...centerpiece and you're, not just thereso h. Their organization can look great for a group pictures like make sure ifyou're there, your voice is actually being Hurd and you're being respectedand you're being uplifted and don't let the issues of you or your people bedrowned out just because it makes other people and your colitions uncomfortable.I know done to Central America, don't entwer those spaces so desperate tochange their minds that you end up hurting your own mental health and make sure that the spaces you'reentering are willing to uplift. You, instead of just have you there, but offto the side yeah, like everyth Eoni said I wasactually snapping behind the scenn as an audio, but if you could see Mei'msnapping, Um yeah, just like like I've, had personalexpererience and those kinds of violent faces of like white dominated of spaces,and it's really violent, and you know you get used to that kind of stuff.Like you know you get pushed down, you can't really talk that much. All ofthat is not normal and L Ke. They make you feel like it's normal, but it is ahundred percent, not normal and IE. Also experience a lot of Um cooptinglike I will bring something up about ice and then I will feelepsai, but theywill because it looks better, coming oun of their mouth m. So that's notnormal Um. Don't let that happen to you. I mean I'm a really passive person, soI was not relationship in that Organization for a very long time.'cause. No one was really advocating from me behind the scenes, letting meknow what was wrong but IMI'm here to be your friend and like like push foryou, you can totally young me. I would love to like talk to Hor this o butyeah. I I think it's likejust bi sure you're protecting your own health. Youknow it's hard to protect a community when you're not protecting yourself,and so you need to make sure that you're, just like just being there foryourself and healing M, but also having the identity of being nothing. Nextcomes a lot of baggage as well, so unpacked that, like on your own, it's alot Um and you know disrecognizing your position within an Ohe ext community Umlike Ana. I was saying before, like there's privileged within the communityitself. You know some people aren't undocumented. Some books aren't blacksand folks. Aren't um indigenous and books aren't clear. There is privilegeswithin the community and recognizing your identity in relation tolectingmethat is so important to um every splace that you enter not only the gun,mounsmention space, but also just men, a good community member to other lackyex people m. So it's just really important, just taking im with yourselfand knowing, where you're at and W, and how your identity is reflected inspaces and what kind of privilege you have so that you know yo can all behappier and safer together. Yeah. Thank you both he time to speakwith us about these important topics about the intersections of gun,violence about the Linex community and about so much more. We hope to possibly have you back soonand I'm happy to be in conversation with you.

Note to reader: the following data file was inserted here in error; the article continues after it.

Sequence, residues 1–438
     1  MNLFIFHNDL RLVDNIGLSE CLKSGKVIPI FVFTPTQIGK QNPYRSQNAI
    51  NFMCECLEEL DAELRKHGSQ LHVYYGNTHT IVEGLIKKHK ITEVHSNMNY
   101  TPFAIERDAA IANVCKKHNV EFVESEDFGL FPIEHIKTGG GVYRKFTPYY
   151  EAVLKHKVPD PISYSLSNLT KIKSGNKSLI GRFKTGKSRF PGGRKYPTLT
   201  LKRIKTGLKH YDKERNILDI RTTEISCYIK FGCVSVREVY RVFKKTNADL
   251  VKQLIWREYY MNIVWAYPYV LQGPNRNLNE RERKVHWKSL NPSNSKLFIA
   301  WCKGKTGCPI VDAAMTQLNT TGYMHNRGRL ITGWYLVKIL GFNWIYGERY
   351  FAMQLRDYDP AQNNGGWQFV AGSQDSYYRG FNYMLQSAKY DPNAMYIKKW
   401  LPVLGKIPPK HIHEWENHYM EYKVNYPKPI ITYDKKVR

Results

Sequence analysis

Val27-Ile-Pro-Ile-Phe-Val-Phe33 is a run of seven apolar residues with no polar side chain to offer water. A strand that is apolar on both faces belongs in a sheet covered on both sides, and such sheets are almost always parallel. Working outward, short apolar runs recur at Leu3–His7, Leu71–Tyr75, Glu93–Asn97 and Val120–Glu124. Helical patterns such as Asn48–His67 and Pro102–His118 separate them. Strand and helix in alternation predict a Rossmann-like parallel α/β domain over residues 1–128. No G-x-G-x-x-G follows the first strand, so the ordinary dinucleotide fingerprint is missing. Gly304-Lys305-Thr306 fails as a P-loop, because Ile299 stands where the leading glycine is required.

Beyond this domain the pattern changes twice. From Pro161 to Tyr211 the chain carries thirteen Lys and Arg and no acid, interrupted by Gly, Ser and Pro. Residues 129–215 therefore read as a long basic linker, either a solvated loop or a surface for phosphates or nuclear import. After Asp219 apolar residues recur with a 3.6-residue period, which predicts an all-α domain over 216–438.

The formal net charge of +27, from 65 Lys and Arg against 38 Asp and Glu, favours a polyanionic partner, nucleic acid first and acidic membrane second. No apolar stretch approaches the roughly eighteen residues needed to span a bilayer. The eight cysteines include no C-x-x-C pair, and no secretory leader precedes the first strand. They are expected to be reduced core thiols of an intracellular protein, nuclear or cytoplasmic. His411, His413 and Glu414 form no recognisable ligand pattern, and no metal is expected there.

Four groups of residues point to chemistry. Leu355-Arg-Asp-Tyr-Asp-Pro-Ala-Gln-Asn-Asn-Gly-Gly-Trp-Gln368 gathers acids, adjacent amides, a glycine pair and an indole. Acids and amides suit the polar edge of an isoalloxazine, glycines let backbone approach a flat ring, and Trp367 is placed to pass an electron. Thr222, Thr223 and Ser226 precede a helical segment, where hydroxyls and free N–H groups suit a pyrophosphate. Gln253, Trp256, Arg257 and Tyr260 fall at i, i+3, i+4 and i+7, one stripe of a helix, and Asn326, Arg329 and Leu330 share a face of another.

Thank you for listening to episode,twelve of route causes and not my generation podcast, where we discussedgun violence in the Latinix community, with Anna Limus AIS and AndoyaGanzallas. Please join US next Tusday for an episode on youth power insolidarity, Olija, nickols, Adison, Moore Analemus, pics and Antea HanragonSales.